ongolian pastoral herders make up one of the world’s last remaining nomadic cultures. For millennia they have lived on the steppes, grazing their livestock on the lush grasslands, and moving their camps several times a year in search of the best pastures. Slowly, however, the steppe’s landscape is changing, as more and more of its nomadic population move to urban areas in search of education, employment, and modern conveniences.
Indeed, modernity attracts not only those Mongolians who have moved to the city, but also those who have chosen to continue with their nomadic lifestyle. Today the nomads who remain on the steppe combine old traditions with new means. They continue their lifestyle as pastoral herders, but many use motorbikes to herd cattle and horses.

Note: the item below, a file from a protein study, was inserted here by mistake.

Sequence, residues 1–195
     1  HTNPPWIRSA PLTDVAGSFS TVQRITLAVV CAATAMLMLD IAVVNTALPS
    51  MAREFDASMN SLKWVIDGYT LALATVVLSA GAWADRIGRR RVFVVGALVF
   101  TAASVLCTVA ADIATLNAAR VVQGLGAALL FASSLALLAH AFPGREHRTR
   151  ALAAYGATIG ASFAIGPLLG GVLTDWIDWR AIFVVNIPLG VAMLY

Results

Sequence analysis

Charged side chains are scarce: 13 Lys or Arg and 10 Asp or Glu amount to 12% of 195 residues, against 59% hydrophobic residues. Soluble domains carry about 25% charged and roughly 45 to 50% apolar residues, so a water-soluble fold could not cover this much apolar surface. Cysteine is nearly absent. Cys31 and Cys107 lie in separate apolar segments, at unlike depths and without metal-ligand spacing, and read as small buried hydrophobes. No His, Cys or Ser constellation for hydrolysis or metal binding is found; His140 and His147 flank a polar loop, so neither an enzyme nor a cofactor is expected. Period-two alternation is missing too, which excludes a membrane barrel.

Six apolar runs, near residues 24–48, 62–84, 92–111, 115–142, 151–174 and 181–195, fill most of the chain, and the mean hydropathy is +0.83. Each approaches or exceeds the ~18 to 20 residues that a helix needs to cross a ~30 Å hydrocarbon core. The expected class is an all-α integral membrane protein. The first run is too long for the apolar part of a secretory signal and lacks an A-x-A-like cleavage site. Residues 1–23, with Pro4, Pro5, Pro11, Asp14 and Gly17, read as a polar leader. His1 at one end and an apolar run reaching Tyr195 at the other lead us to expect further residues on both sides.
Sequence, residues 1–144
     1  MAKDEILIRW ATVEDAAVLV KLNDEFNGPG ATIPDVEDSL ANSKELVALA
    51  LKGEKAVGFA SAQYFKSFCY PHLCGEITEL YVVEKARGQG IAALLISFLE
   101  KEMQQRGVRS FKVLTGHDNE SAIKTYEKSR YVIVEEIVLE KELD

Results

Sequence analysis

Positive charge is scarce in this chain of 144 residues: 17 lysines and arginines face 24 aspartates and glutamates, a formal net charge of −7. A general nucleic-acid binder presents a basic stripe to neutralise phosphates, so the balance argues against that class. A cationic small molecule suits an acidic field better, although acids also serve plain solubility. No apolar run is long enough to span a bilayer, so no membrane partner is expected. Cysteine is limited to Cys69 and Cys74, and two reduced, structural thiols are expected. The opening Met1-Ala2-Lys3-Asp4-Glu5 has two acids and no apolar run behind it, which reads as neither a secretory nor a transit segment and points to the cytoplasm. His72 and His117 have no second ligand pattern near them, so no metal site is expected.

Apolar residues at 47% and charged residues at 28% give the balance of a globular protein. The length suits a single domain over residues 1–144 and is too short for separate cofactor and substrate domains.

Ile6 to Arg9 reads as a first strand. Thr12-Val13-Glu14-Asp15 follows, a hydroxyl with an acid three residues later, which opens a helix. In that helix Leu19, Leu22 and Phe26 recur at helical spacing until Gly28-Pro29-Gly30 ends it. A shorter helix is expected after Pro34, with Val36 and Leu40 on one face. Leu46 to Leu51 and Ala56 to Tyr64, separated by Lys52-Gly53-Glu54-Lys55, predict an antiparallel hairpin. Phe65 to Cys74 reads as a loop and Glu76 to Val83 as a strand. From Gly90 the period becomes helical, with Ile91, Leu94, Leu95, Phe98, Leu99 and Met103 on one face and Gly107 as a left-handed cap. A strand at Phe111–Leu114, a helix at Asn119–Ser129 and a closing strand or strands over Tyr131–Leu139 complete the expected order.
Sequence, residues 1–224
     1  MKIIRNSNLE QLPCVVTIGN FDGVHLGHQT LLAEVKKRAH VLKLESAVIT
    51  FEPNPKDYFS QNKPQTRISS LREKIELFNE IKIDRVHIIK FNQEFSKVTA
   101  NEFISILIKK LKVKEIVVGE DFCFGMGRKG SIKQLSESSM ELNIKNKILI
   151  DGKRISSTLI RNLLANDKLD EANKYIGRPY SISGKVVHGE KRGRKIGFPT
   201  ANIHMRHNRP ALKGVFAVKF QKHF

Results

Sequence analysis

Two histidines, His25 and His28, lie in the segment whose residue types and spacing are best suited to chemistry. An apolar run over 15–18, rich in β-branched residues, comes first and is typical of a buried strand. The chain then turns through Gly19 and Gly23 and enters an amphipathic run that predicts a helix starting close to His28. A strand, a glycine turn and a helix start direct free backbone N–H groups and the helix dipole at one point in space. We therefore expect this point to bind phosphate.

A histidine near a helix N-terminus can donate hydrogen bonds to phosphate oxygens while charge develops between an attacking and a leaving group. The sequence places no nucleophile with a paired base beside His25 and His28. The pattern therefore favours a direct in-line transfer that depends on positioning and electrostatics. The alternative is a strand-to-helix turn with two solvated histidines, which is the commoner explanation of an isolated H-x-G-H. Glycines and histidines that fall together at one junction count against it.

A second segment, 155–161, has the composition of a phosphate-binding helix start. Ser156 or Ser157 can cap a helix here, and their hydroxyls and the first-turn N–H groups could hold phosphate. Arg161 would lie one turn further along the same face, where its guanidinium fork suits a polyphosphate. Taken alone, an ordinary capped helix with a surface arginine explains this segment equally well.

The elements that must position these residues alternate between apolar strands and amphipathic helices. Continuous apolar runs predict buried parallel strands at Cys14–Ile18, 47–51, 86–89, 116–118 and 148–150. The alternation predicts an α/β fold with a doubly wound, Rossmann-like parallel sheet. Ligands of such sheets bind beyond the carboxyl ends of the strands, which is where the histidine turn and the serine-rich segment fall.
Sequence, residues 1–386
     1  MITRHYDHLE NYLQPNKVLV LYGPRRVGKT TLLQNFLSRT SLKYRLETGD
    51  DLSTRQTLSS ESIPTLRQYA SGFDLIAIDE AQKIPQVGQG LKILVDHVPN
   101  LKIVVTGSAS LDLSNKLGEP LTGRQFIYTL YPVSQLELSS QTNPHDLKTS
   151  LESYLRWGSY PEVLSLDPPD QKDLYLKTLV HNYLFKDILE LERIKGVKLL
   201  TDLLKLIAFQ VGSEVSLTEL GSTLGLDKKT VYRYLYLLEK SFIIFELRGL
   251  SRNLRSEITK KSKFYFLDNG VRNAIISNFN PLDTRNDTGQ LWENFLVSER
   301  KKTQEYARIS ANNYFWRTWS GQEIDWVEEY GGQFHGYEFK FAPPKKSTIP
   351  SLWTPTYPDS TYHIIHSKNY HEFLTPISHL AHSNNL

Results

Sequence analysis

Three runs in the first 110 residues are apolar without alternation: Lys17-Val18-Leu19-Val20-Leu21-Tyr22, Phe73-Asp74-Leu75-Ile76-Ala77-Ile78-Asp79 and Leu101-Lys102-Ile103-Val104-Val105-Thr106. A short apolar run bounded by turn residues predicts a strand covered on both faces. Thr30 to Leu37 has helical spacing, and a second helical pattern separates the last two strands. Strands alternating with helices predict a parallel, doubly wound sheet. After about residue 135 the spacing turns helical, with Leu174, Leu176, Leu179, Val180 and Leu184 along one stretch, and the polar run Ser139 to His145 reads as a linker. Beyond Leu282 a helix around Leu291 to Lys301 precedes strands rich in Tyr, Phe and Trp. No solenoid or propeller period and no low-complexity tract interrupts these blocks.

To move their homes, trucks have taken the place of ox carts. Solar panels are becoming an addition to the traditional Mongolian home, theger. The panels are a way for them to gain access to electricity without being confined to one place.
With the rise of accessible technology, changes in lifestyle are almost inevitable. But these changes also help longstanding traditions thrive. Rather than abandoning their lives on the steppes, Mongolia’s nomads are adapting to modernization in their own way.
The photos were used in the Gypset Living book published by Assouline. Julia Chaplin, the author of the book and I traveled for two weeks across the Mongolian steppe. Some of the shots were taken at the Genghis Khan Polo Club.